Southwest steadfastly refuses to charge for bags (at least the first two bags). Their marketing campaign, “Bags Fly Free”, says it all. In the short run they are missing out on the profit from baggage fees. The total airline industry profit from baggage fee for last year was around $536 million. Southwest is betting on increasing capacity utilization by attracting and keeping customers who are fed up with all the extras while other airlines are training the customers to pay for the extras.
Before airlines started to unbundle their services customers viewed the service as a monolith as opposed to a “bundle”. My monolith, I mean, a product service that is marketed and perceived as one entity even thought it is made up of different components. A bundle, on the other hand, is put together from several components, is marketed as a sum of its parts and is perceived by customers as such. Unbundling has changed the perception of airline travel from a monolith to a bundle – a bundle consisting of:
- the main component – the ticket
- convenience of paper ticket
- convenience of seat selection
- ease of boarding
- check-in bags
- and in one extreme case – use bathrooms
So what Southwest sells with its “Fees Don’t fly with us” is a bundle in which every component of the bundle except the ticket is marketed as free. What is the danger of throwing in freebies with bundles? According to consumer behavior researchers from three universities, who published their results in Journal of Consumer Research, April 2009, it is the long term erosion in customer willingness to pay for individual components.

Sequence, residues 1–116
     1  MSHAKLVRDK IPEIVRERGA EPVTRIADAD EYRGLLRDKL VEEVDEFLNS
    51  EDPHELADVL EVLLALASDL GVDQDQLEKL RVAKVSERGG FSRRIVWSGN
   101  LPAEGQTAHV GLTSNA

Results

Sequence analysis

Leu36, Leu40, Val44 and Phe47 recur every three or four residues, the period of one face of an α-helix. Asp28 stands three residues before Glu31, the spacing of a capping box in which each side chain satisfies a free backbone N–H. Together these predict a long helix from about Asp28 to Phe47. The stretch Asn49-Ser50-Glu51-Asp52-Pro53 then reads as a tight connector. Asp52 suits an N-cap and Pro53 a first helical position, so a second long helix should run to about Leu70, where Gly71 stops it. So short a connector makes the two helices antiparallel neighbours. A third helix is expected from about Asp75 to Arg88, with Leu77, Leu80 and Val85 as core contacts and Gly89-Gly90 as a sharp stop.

Authors Michael A. Kamins (Stony Brook University-SUNY), Valerie S. Folkes (University of Southern California), and Alexander Fedorikhin (Indiana University) found that describing a bundled item as free decreases the amount consumers are willing to pay for each product when sold individually. They call this the “freebie devaluation” effect.
Why does a freebie decrease the price consumers are willing to pay for each individual product? Our research shows that consumers tend to make inferences about why they are getting such a great deal that detract from perceptions of product quality,” the authors explain. “For example, consumers figure the companies can’t sell the product without this marketing gimmick.” [quote Source].
In the case of Southwest’s bundle in which everything but the ticket is free, the research implies that customers will expect lower ticket prices if they want only parts of the bundle. A customer who is not checking in bags, in essence, is purchasing only one component of the bundle but is paying for the entire bundle. The “freebie devaluation” effect will push down customer’s willingness to pay for tickets when they do not need to check in bags.
What does it mean for Southwest? Unless their customer travel indicate that most customers check in bags they run the risk of lower ticket price expectations from their customers, further depressing their profits.
What does it mean to other marketers who throw in freebie? The same research provides the answer – there is no difference in customer willingness to pay for the bundle whether or not one or more of its components are marketed as freebies. So resist the temptation to increase sales by either throwing in freebies. If you are offering a bundle – you might as well price it same as the sum of the prices of the components.
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